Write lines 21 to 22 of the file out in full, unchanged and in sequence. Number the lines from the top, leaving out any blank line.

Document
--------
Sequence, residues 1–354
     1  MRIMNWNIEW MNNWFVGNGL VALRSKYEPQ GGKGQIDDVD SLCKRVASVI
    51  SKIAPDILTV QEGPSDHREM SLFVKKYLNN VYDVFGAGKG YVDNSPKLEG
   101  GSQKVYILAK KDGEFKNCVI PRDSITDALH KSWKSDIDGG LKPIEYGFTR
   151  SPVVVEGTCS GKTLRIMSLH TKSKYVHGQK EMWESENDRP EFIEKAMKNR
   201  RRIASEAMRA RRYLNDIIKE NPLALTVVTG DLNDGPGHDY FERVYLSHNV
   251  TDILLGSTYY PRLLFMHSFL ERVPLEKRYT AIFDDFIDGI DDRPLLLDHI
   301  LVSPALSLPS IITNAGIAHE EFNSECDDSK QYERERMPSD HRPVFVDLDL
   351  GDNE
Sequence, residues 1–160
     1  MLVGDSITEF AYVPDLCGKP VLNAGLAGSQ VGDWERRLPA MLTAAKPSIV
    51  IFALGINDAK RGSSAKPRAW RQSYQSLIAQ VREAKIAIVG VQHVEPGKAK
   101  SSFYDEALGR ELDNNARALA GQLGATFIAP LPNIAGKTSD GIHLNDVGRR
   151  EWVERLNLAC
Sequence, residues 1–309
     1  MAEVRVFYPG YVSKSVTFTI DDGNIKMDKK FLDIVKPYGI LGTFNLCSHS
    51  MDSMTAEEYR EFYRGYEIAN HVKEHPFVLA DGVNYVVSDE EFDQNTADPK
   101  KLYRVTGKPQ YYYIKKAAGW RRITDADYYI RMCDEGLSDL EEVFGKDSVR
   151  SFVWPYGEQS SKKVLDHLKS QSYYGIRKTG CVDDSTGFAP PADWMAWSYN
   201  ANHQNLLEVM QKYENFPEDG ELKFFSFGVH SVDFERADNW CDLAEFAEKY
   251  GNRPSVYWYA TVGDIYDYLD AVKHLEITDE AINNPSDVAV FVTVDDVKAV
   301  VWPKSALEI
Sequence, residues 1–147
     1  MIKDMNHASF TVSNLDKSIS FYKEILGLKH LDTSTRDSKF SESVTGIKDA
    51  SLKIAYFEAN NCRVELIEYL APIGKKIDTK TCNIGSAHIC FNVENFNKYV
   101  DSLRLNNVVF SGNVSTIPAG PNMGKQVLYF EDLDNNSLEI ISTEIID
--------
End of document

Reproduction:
   251  GNRPSVYWYA TVGDIYDYLD AVKHLEITDE AINNPSDVAV FVTVDDVKAV
   301  VWPKSALEI